“The only source of knowledge is experience.” – Albert Einstein
No, we are not asking you to flash your “assets” at your colleagues. Nor are we challenging you to put your life in occupationally hazardous situations that endanger you.
We are talking about the art of exposing yourself at work. In doing so, be mindful that there needs to be a balance so we do not come across as an arrogant know-it-all or, at the other end of the spectrum, as someone who is ignorant of many things.
“Experience: that most brutal of teachers. But you learn, my God do you learn.” – C. S. Lewis
Often times, people who have “been there, done that” are eager to showcase what they have under their belt with others; sometimes even when they are not asked to.
Here are some tips if you are overexposing at work:
• Share instead. There is a difference between showcasing one’s skills and sharing them. The former is inwardly imposing while the latter is outwardly to impart knowledge to others.
• Stay humble. When asked about being in such a reputable position, Bill Gates, the software genius and billionaire, credited his father by saying, “You can get a sense of self-importance. But Dad’s the best at making sure that no matter what we’re doing, we stay humble.”
• Step back. Do not assume everyone has the same level of exposure as you. So, pause to bring others along in your thinking process and ideas.
“A mind that is stretched by a new experience can never go back to its old dimensions.” – Oliver Wendell Holmes Jr.
Do not let anyone look down on you because you are inexperienced. Metaphorically, we can become butterflies and explore the beauty of nature if we want to. So, make a choice to break free from your cocoon and spread your wings.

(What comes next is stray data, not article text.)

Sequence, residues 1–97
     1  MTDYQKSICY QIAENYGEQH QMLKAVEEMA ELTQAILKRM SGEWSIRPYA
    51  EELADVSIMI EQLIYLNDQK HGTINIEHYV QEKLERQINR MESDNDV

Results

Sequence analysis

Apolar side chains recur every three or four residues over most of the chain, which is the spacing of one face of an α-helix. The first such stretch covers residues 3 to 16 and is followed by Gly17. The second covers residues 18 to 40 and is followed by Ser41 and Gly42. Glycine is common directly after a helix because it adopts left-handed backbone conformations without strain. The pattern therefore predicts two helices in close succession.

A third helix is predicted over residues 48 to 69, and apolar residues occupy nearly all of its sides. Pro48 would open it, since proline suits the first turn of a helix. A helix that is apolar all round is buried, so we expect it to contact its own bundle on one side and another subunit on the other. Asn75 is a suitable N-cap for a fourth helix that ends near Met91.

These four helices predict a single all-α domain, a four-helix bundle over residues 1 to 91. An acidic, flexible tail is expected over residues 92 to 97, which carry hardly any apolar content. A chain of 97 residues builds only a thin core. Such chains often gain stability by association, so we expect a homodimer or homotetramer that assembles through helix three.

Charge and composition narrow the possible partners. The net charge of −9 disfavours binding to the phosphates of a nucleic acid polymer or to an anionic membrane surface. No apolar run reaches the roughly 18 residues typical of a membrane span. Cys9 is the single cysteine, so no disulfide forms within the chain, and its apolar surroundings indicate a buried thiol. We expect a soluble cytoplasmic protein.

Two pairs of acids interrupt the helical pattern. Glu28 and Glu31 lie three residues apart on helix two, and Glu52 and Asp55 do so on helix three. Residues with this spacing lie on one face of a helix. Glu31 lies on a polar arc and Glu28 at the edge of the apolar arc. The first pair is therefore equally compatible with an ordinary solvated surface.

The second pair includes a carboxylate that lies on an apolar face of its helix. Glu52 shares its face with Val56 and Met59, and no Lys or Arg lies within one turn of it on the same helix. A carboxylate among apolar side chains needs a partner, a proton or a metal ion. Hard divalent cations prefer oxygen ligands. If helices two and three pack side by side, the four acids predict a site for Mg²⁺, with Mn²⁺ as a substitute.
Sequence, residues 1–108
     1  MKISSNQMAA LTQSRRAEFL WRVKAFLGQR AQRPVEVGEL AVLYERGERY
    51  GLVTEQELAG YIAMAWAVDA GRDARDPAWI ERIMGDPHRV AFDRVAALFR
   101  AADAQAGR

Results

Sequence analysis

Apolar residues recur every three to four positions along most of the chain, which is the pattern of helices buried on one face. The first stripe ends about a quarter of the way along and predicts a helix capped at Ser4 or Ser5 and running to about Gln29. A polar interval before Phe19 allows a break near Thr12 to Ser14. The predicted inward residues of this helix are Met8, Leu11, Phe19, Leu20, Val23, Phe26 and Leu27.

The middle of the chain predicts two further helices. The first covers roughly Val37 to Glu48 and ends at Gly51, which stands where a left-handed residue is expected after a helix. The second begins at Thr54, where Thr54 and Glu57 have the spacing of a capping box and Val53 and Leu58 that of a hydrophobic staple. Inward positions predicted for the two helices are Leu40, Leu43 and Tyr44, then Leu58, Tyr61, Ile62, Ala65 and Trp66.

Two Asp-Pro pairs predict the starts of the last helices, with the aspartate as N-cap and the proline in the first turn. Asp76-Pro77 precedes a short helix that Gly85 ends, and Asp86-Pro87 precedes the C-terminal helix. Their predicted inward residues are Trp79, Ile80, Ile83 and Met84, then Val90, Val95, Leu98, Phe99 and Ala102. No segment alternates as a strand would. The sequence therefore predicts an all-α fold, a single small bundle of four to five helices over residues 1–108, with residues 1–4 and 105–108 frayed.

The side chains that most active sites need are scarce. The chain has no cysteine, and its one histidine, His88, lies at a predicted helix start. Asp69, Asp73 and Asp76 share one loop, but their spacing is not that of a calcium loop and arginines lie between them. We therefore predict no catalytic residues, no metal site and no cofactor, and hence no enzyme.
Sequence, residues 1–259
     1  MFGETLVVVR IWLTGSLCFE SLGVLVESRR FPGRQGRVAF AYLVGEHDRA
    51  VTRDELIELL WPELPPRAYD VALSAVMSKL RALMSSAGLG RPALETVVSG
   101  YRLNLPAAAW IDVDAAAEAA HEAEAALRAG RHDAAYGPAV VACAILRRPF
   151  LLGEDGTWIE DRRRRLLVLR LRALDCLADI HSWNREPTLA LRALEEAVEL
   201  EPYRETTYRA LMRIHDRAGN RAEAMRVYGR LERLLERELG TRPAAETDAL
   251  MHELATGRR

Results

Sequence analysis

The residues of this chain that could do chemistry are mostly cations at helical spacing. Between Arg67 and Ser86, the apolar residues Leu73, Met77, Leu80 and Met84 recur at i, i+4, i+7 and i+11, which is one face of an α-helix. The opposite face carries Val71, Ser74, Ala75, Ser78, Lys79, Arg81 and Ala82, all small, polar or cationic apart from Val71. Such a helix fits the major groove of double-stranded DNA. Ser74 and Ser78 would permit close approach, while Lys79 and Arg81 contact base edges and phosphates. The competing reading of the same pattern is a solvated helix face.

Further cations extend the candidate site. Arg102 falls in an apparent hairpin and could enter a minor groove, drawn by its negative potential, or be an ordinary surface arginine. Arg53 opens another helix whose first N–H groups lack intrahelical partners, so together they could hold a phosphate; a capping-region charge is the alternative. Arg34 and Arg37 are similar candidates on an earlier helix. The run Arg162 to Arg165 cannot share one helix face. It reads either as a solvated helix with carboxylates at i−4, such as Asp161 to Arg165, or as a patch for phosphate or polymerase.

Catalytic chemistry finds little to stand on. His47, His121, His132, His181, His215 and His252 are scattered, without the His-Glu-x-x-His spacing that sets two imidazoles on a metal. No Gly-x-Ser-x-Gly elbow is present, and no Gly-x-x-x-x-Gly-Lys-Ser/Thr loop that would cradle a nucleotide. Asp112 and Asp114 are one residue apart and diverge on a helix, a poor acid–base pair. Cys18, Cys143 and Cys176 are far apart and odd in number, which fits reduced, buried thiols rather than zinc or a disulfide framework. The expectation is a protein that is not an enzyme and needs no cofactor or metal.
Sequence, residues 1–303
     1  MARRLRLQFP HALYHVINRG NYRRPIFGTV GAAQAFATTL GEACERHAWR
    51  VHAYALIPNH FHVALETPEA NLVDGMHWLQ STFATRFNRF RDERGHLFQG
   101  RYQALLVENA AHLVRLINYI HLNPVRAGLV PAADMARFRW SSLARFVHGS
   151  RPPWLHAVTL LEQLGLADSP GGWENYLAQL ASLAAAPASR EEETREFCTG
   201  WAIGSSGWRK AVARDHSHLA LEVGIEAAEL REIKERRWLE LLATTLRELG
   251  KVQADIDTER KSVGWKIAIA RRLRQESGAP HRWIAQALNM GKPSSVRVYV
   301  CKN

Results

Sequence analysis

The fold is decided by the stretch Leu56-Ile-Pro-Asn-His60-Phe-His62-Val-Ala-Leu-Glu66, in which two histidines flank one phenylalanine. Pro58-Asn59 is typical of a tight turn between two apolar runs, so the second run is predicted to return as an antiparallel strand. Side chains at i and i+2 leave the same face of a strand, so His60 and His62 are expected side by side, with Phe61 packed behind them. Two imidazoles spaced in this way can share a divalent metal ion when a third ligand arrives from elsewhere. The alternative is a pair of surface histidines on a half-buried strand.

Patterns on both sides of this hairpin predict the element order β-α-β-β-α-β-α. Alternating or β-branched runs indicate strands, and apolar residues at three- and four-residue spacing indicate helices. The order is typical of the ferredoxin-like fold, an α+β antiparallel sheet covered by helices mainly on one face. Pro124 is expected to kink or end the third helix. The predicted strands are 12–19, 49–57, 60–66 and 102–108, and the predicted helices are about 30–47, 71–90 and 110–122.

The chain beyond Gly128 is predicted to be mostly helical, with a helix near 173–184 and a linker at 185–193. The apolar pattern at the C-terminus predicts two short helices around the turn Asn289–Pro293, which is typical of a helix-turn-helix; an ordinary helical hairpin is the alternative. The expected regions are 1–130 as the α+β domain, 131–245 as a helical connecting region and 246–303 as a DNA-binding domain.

“Avoiding danger is no safer in the long-run than outright exposure. Life is either a daring adventure, or nothing.” – Helen Keller
If you are underexposing at work:
• Step out and start. Take the first step to try something new, like speaking in public. It may be daunting initially, but things get easier with practice.
• Travel and learn. Traveling widens our perspective and increases knowledge. By experiencing other customs and cultures firsthand, we learn to respect and accept others at work.
• Meet people and observe. Challenge yourself to connect with people as there are always interesting insights from their life experiences. Dr Jim Yong Kim, president of the World Bank Group, recently wrote, “You should get to know people from every income level and understand their worlds.”
The gist of it is there is a time for everything under the sun. By learning the how, when and where, you expose yourself respectfully and honourably at work.
“Exposure from a young age to the realities of the world is a super-big thing.” – Bill Gates